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OnLive :- Thoughts and Ramblings April 4, 2009

Posted by fvter in Gaming, Hardware, Networks, Technology.
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During this weeks GDC’09, the OnLive service was announced and demoed. I can only really comment on this service based on the reviews and reports coming out of Joystiq, Gamespot, Engadget & others… The idea behind OnLive is to marry cloud computing with high end PC gaming. It is best described on the OnLive website How OnLive Works. Personally, I find this service intriguing and potentially a mini-revolution (might be a bit strong but that’s why the mini prefix) in PC gaming. It also has the potential to open the availability and introduce gaming to a much globaller audience who don’t have the buy-in power. It could also be a simple and interesting entry level platform for testing games before purchasing.

Much of the initial commentary coming out goes from amazement and how incredible a service like this would be to a yes but attitude and sceptism on the actually possibility and ability of the service to work. The main concern in current commentaries is the ability of the service to perform as stated due to a lack of network bandwidth and responsiveness. While I do agree that there a lot of challenges for this service to be able to get thinks working as smoothly as possible, my humble belief is that this service will get kicked off and have more than acceptable performance capabilities. One fo the reason I feel strongly is due to some of the minds behind OnLive. Steve Perlman, being on of those minds and one of the original technological minds behind Quicktime, has done a lot for streaming and has already provided some amazing solutions to optimize the interaction of the user and media across the Intranets [ed. note: I’ve had the chance to see Perlman talk in an Apple Dev. Conference and he knows what he is doing to be quite honest].

However, I need to disagree with the main focal points that a lot of commentary has taken. Much of the commentary has centered on the fact that they don’t believe the service will work because of the network performance. My rant here has a lot to do with the fact that most of these reviewers are making assumptions based on their current network experience which is mostly USA, Canada or UK centric. These assumptions are based on areas where ISP performance is average and not fantastic or where there are known (or suspect) ISP network controls and restrictions. Nigel Cooke on his recent Monkyenuts podcast (episode 7) bought about similar comments but with a touch of his own experience on optimizing and managing corporate networks. While I respect his knowledge on the subject, you can’t compare an Internet based service and network optimization approach to that of a corporation. Most coporate networks are based on a hub & spoke model which tends to lead to fixed route paths and a series of bottlenecks that hamper performance. The Internet being a much more meshed environment is constrained in this manner at least not until the last leg between the user and the ISP.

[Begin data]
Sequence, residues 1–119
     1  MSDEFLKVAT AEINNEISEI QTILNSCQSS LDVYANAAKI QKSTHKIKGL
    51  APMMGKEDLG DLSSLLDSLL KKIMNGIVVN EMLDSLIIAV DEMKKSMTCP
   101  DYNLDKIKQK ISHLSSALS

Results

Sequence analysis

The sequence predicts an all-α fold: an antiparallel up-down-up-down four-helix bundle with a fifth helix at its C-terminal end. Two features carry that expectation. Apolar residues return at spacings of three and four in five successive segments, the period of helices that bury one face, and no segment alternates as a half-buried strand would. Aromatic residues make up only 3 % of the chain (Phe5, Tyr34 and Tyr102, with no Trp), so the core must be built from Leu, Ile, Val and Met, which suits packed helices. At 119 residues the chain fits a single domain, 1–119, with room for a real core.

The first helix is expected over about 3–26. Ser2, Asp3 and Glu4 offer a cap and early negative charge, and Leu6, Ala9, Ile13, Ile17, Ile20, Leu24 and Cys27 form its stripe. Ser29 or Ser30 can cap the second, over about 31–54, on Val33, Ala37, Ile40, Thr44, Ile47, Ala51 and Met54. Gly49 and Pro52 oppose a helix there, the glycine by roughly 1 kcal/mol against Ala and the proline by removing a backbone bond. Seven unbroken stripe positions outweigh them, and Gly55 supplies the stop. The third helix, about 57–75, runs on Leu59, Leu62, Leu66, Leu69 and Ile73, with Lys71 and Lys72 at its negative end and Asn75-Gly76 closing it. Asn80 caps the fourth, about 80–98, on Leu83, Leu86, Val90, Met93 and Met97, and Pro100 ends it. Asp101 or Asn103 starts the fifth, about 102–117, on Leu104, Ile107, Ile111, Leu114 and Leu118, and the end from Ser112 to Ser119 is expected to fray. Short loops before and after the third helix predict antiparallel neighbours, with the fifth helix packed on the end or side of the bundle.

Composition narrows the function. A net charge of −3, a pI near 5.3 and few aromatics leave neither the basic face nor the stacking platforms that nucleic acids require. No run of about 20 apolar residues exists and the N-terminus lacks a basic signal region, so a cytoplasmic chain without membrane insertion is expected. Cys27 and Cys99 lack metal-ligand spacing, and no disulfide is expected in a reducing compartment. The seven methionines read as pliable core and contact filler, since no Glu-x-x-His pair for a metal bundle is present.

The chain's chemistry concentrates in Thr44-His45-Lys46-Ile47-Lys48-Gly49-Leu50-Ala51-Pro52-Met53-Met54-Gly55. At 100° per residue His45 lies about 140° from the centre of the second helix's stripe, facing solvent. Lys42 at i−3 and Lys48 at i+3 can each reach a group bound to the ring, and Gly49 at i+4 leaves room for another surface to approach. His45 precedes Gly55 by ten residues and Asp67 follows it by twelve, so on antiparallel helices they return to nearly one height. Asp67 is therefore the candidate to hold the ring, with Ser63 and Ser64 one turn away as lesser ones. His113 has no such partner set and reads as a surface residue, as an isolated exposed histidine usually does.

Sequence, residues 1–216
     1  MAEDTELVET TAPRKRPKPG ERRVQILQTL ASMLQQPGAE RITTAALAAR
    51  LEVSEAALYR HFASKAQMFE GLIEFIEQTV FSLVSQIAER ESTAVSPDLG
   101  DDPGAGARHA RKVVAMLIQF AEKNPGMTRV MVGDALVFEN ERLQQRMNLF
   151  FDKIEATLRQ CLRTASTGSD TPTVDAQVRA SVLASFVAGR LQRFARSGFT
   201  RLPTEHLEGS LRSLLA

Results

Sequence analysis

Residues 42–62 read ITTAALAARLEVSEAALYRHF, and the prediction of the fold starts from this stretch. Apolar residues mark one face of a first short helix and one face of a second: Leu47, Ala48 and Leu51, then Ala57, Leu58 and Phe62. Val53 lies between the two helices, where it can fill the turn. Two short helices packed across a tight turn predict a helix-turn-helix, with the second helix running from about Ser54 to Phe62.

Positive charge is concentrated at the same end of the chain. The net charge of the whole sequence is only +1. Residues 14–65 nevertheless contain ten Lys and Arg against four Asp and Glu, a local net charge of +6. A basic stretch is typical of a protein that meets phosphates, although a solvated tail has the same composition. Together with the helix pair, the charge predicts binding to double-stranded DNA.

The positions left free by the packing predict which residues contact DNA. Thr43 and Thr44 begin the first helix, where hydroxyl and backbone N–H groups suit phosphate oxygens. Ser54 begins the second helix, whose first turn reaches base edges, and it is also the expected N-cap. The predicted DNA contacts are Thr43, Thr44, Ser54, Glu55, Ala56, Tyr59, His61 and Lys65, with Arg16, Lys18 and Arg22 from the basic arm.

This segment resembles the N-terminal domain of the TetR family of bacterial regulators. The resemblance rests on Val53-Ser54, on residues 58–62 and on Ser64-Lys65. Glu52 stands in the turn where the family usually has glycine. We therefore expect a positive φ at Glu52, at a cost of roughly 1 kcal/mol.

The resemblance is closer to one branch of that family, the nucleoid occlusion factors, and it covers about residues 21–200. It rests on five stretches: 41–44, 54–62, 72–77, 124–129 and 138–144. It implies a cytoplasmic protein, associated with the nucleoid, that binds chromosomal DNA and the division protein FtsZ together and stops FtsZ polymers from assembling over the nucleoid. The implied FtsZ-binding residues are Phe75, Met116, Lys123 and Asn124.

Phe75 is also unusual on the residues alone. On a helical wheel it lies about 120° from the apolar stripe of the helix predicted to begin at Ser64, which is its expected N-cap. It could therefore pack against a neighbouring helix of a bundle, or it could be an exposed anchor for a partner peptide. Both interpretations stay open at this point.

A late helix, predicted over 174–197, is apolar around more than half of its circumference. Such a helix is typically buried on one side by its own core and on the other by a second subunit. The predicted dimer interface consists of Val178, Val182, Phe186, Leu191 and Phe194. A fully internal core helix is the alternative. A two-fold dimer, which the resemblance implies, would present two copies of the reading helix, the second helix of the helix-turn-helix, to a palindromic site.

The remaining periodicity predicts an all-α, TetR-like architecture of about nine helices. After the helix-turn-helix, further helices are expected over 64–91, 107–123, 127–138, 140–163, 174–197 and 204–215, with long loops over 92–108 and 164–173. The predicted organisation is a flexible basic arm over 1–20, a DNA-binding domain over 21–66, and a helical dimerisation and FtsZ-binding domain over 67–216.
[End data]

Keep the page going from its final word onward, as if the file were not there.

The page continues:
The problem with this overall line of thought is that it doesn’t reflect a reality of what the network can actual do (where I live, my two ISPs provide me with amazing performance with average latency of @400ms, @1100 kb/s down & @350kb/s up) and the potential that a service like this can do with a proper network environment, network optimization and more importantly the optimization of the compression & handling software. The comments also don’t take into account on the amount of advances that have been made in data center hardware and network advancements that have been made over the years especially by companies like Google that have learned how to make small footprint high-performance hardware and optimize the placement of that hardware to better serve the Internet.

Finally, some of my beliefs are founded on the fact that I have been involved over the years in projects where bringing distributed high-end pc computing over a network was successful. In a similar case, all graphics and manipulation was to be done on core centralized machines while the user would be provided with a web interface to manipulate the data and visualize the graphics models and displays.

So definitely a gaming technology to keep an eye on and potentially something bound for success. I for one would use this type of service to avoid the heart break of having to own multiple PCs or to continuously upgrade those machines!

Discuss this with me via my Seesmic Profile on this thread.

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